A delegation of California state legislators and industry leaders have visited University of Limerick to hear about the region’s “exceptional” economic recovery.
The group was welcomed to the Bernal Institute at UL by Minister of State Patrick O’Donovan and UL Deputy President, Chief Operating Officer and Registrar Gerry O’Brien.
Included among the California Legislative Irish Caucus, which heard that Limerick is an “easy place to do business”, were California State Senator Susan Rubio, Assemblyman Bill Brough and Tom Daly, former Mayor of Anaheim and current member of the California State Assembly.
Industry leaders, staff delegates and business representatives from California were also among the high powered delegation that visited UL this Thursday.
The guests were greeted by Prof Luuk van der Wielen, Bernal Institute Director and given a tour of the facility after a formal welcome by Gerry O’Brien and an overview of Project Ireland 2040 by Minister O’Donovan.
The visit was coordinated by Department of Foreign Affairs, the IDA and the O’Neill Group and the delegation came to Limerick to hear about the region’s recent economic successes, particularly in the area of research and design.
Many of the group have a background in education so investment in the sector was of particular interest, as was UL’s close collaboration with industry and its actions as a knowledge broker within competitive industries.
The delegation’s visit to Ireland includes stops in Belfast, Cork and Dublin but Limerick was a specific area of interest due to its rebounding economic, plus strong legacy connections with the US and California.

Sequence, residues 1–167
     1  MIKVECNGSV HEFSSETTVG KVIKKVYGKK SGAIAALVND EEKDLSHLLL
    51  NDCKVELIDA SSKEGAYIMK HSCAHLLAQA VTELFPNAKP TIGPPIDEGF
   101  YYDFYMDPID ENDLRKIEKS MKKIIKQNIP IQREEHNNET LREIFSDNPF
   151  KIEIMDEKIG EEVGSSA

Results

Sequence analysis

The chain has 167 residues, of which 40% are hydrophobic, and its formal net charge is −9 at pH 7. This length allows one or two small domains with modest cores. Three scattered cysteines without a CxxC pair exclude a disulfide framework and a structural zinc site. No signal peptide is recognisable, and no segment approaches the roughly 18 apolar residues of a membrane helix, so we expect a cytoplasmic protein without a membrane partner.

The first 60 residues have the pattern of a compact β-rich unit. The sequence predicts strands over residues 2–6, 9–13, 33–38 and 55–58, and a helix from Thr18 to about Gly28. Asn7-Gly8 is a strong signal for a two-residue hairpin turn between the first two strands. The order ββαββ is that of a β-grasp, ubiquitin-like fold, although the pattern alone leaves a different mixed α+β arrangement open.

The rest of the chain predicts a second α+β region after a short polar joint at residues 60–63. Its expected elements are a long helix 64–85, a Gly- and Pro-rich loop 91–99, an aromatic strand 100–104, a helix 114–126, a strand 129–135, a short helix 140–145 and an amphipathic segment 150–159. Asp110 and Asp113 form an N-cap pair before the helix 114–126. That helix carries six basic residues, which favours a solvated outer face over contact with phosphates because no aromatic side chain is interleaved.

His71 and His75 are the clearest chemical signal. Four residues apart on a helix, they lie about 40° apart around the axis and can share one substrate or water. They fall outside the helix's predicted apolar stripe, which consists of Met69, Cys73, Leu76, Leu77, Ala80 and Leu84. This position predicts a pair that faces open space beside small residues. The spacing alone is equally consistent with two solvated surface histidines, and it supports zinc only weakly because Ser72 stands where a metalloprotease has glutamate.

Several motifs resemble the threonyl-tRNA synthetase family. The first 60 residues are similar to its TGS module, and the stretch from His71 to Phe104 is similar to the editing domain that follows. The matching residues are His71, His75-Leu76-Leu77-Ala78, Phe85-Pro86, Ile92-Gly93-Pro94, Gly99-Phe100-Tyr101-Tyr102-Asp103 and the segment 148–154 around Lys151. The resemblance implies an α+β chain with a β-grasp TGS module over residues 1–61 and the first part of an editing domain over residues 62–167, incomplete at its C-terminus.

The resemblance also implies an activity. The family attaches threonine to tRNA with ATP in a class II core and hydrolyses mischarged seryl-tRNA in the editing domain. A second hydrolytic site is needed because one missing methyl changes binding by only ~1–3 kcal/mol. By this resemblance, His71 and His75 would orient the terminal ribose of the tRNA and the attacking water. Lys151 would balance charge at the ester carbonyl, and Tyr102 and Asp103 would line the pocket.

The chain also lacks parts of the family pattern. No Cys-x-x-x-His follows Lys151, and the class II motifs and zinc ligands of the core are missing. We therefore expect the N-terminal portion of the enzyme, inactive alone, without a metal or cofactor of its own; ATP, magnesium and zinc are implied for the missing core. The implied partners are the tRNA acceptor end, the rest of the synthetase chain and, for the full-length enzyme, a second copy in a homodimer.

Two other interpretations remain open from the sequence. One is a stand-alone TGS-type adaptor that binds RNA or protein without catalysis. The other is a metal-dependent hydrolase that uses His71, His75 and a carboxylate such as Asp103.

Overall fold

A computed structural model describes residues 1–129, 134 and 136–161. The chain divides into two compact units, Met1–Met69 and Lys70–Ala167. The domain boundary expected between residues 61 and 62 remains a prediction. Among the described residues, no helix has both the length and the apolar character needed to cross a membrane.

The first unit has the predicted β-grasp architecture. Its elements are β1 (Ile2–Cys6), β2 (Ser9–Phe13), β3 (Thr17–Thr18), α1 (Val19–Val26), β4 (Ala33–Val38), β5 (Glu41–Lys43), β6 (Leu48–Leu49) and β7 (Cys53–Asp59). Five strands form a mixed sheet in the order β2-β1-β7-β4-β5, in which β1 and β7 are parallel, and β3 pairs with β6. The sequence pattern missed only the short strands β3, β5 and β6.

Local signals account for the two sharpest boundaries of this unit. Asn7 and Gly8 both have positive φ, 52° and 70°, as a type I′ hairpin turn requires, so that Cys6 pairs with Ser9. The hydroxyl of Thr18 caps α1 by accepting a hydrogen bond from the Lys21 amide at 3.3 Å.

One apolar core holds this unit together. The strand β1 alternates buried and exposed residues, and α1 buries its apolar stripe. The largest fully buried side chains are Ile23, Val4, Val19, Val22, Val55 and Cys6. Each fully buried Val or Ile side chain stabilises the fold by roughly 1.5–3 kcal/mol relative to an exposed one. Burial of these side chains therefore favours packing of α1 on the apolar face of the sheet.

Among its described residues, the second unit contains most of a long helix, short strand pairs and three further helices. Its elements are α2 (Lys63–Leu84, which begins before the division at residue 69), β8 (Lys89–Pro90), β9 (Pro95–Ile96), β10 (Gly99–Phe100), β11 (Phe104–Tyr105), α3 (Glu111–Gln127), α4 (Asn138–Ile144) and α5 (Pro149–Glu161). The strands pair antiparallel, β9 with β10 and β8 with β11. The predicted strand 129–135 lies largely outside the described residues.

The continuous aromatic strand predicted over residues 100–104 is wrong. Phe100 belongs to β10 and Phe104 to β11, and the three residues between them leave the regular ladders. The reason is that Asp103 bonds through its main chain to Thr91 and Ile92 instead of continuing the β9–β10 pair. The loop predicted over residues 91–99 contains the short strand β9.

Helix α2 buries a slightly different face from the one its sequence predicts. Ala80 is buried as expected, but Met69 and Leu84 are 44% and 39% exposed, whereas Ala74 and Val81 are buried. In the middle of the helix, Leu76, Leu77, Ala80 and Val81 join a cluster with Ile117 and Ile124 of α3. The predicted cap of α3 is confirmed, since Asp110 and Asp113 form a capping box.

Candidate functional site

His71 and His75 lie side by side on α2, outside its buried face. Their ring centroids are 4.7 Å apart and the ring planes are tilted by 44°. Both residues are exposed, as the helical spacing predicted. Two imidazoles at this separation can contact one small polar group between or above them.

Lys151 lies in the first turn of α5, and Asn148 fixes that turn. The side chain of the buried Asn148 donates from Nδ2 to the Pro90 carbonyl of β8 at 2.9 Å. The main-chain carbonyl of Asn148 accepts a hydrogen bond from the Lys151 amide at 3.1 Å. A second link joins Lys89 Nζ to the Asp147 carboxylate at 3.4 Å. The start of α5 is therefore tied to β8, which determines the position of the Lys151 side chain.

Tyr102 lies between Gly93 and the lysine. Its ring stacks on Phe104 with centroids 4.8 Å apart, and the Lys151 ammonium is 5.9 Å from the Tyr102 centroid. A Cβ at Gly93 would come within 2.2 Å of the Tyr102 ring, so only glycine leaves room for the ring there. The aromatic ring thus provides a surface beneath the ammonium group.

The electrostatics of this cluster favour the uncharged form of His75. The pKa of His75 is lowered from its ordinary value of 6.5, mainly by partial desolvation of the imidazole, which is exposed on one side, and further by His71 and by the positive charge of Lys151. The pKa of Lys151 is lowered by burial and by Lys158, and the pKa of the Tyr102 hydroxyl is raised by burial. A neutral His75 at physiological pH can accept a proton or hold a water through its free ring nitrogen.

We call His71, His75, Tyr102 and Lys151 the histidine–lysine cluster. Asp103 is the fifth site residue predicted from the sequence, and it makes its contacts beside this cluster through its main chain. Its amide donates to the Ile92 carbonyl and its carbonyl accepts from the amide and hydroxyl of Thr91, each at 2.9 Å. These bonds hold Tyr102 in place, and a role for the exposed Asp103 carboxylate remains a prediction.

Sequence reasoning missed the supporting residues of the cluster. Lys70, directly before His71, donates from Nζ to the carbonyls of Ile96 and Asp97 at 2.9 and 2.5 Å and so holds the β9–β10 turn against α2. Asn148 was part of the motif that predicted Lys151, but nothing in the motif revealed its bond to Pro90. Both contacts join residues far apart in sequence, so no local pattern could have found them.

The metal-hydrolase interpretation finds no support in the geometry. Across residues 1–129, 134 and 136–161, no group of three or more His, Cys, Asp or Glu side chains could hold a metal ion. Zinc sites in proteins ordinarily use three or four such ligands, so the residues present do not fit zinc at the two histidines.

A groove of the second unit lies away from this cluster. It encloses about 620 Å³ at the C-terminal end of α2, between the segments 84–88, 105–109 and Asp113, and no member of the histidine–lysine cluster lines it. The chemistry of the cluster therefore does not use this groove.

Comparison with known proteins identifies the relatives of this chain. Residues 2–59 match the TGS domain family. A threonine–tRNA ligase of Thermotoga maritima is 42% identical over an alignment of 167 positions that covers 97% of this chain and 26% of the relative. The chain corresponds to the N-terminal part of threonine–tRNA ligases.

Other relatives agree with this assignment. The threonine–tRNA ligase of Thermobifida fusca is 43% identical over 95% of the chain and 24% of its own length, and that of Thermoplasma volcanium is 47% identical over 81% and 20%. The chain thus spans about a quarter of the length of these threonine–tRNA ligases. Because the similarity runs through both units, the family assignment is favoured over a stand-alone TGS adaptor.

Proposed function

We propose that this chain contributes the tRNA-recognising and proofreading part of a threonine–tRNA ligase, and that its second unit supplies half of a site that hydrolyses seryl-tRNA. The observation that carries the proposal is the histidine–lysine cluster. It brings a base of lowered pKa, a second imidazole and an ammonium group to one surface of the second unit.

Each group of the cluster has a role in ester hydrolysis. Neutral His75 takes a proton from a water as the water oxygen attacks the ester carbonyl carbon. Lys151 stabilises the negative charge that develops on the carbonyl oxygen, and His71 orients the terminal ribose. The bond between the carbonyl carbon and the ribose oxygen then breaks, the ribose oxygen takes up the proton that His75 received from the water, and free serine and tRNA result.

The activities that stimulate economic growth as well as UL’s SFI funded research centres were also points of highlight for the visiting delegation.
UL deputy president Gerry O’Brien told the delegation in his address that “the pipeline of graduate talent emerging from this University and the strong focus placed on R&D at postgraduate level” aid the decisions made by FDI companies to locate international centres in Limerick.
“It showed the importance of investing in education and UL continues to act as a knowledge broker with competitive industries such as the pharmaceutical industry with SSPC (Synthesis and Solid State Pharmaceutical Centre), the major pharma companies in Ireland are all involved and the model of engagement is ground-breaking within that sector.
“All of this has aided in the recovery of Limerick and the region as big industries saw evidence of the early successes. Employment figures rose as the quality and caliber of jobs began attracting more people to the region. Domestic companies were thriving again – this was Limerick’s success story,” he added.
Speaking to the delegation from California on the Irish emigration of the past, Minister Patrick O’Donovan said that the measures now in place to aid economic recovery will mean that less people will be forced to leave the country in search of work.
“We want to make sure that when people leave in the future, they leave because of choice rather than necessity and we want to make sure that if they have that choice that the make a stamp somewhere else in another part of the world and maybe it is in California,” he said.
He said that Government was heavily investing at the moment as it seeks, “collaboration, partnership and relationships” and invited any company “that is looking for a place to step off in to the European Union, then this is the only place to do business”.
The delegation also heard of the existing connections between UL, Limerick and California and the Department of Foreign Affairs in the region including the Sister Cities Agreement that was signed between Limerick City and County Council and Santa Clara City Council in San Jose.
Robert O’Driscoll, Consul General of Ireland to Western USA, said there was a “very strong relationship” between Limerick and California, noting that a Sister Cities Agreement was signed between Limerick City and County Council and Santa Clara City Council in San Jose in 2014.